There’s no quicker way for life to get your immediate and undivided attention than when physical pain becomes your daily reality. This was my unexpected experience with endometriosis five years ago. Not only did my pain become my personal wakeup call, it transformed my professional life as well in extraordinary ways I never expected.
While doctors were all too happy to diagnose and medicate me, I quickly realized that I wanted to find a different way to manage my pain and understand my symptoms. What follows is my best advice on how to become your own advocate.
1. Starting point: look for books
I am a bit old school. Despite how modern our society is, and the huge amount of information that is available online, I found my preference was to start with reading books. I thought if I wanted to find someone who had done some research and organized his or her thoughts clearly, a book would be the best option. So I started there.
2. For more precision: internet
Considering how modern we are, internet should also be leveraged. There are plenty of great articles out there, which allow us to kick start a search. For me though, internet is mainly beneficial when we are trying to get more information on a particular topic, and asking a question that was asked in the past by someone else. Then we need to consolidate the information we found in something more structured and thought through.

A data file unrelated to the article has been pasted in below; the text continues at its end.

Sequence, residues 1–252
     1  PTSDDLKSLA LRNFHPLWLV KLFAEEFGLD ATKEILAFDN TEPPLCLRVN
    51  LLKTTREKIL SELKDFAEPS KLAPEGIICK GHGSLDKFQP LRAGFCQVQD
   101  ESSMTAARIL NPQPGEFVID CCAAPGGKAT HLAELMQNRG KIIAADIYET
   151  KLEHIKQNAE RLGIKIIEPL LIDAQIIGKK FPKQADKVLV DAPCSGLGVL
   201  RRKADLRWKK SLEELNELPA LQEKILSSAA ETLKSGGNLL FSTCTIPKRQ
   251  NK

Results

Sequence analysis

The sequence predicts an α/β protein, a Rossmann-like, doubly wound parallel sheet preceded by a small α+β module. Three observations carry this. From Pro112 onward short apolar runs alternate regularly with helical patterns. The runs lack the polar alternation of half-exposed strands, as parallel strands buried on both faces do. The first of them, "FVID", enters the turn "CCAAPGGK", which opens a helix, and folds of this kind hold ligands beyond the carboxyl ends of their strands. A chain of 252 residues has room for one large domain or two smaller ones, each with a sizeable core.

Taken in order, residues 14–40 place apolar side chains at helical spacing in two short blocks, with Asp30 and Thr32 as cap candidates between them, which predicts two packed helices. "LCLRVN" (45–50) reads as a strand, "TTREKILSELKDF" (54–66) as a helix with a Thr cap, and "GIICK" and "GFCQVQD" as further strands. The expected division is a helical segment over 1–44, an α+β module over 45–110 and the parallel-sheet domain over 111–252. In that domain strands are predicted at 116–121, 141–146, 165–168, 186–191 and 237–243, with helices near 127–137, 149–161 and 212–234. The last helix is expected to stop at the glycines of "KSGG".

3. Find support groups of fellow “sufferers”
For that, I found Facebook to be a great help. Of course there are some groups which are more useful than others, but I was able to find a couple of groups I really loved where I found support and knowledge, people to share what I knew about, and who also were sharing with me what they learned. When looking for a group, my advice would be to find one that has the same ethos as you, AND is positive and supportive. There are a few groups out there when sufferers would just be happy to complain and are not looking for solutions; and these will not help you get better if what you’re looking for is a light at the end of the tunnel; and someone to emulate, who has gone through it all before you.
4. Hire a health coach, or find a friend who will act as one
Having a peer coach to discuss my health situation with was very helpful for me as it helped me find my path. Speaking with her allowed me to get my thoughts out and yet refocus myself based on the objectives I had. Since then, I have gone from being coached to coaching, helping now women who are experiencing the pain and overwhelm of endometriosis to find their own plan of action to get better, and reclaim not only their health but also their lives.
5. Get your family and friends on board
Your getting better involves a particular diet or mindset. If your family and friends are supportive of you, it will be easier for you to stay on track with your goals and ask for help when you need some. If they aren’t, find someone who will be there for you every step of the way. It is paramount to you getting your health back. As you create your own plan of action, you will find that this hope you had lost will slowly come back. Taking charge of your health might just be the remedy you need!